This paper assesses the financial channel of exchange rate fluctuations for emerging countries and the link to the conventional trade channel. We analyse whether the effective exchange rate affects GDP growth, the domestic credit and the global liquidity measure as the credit in foreign currencies, and how global liquidity affects GDP growth. We make use of local projections in order to look at the shocks transmission covering 11 emerging market countries for the period 2000Q1-2016Q3. We find that foreign denominated credit plays an important macroeconomic role, operating through various transmission channels. The direction of effects depends on country characteristics and is also related to the policy stance among countries. We find that domestic appreciations increase demand with regard to foreign credit, implying positive effects on investment and GDP growth. However, this is valid only in the short-run; in the medium-long run, an increase of credit denominated in foreign currency (for instance, due to appreciation) decreases GDP. The financial channel works mostly in the short-run except for Brazil, Malaysia and Mexico, where the trade channel always dominates. Possibly there is a substitution effect between domestic and foreign credit in the case of shocks in exchange rates.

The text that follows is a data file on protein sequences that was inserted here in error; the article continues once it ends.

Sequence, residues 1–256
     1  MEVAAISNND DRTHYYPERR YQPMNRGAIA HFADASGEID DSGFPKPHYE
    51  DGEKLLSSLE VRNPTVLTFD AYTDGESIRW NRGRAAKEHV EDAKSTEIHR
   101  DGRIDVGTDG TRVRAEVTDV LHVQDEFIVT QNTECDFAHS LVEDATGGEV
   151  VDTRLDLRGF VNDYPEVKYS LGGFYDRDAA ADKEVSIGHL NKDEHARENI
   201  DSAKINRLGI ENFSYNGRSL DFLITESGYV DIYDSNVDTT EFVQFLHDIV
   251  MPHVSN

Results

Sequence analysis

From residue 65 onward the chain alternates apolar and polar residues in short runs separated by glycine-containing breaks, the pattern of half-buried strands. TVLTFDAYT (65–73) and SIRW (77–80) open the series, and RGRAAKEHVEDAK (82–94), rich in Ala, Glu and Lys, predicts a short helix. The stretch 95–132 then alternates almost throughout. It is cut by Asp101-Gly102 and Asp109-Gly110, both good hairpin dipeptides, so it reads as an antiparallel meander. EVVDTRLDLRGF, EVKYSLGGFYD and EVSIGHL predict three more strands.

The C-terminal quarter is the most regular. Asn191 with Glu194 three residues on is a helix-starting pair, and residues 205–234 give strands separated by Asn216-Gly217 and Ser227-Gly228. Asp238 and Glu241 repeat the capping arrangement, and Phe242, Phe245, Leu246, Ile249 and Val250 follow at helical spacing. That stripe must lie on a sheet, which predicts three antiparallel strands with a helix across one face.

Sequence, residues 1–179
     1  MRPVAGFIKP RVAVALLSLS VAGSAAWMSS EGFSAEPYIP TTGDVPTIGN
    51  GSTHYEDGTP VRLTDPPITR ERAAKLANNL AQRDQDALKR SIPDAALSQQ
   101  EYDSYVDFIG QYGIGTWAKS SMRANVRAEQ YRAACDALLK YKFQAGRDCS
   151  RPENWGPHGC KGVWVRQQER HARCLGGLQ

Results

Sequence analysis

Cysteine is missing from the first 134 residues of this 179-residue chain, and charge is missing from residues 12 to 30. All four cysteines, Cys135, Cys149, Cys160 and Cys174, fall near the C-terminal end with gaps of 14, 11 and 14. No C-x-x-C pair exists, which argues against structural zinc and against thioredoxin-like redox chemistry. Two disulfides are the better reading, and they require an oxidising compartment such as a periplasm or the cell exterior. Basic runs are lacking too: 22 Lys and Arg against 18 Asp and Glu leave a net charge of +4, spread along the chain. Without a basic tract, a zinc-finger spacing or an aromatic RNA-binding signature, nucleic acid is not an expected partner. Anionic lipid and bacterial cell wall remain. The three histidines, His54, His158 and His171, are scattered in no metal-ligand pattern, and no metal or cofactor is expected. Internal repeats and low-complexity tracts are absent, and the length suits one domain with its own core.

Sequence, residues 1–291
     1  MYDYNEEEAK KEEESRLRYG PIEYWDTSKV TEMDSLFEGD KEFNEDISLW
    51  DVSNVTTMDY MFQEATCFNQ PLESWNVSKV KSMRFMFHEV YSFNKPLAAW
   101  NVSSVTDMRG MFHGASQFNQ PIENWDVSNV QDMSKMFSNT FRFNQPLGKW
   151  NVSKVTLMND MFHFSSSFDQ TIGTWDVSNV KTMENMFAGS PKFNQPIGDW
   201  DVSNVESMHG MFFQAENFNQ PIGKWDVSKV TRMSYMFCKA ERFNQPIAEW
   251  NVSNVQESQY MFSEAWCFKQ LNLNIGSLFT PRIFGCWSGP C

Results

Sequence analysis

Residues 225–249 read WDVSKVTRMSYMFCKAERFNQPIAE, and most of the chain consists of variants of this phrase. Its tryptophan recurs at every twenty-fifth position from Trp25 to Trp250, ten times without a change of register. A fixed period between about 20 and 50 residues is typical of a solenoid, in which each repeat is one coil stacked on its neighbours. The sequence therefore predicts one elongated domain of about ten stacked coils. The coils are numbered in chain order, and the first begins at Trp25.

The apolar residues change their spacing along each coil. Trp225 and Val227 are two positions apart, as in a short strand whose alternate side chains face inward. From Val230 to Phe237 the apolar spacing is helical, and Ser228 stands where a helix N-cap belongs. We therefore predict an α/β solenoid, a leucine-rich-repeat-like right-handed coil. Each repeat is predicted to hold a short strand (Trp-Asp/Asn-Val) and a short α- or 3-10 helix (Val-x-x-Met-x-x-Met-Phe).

Keywords: emerging markets, financial channel, exchange rates, global liquidity.
JEL Codes: F31, F41, F43, G15.
The views expressed are those of the author(s) and do not necessarily represent those of the Bank of Lithuania.
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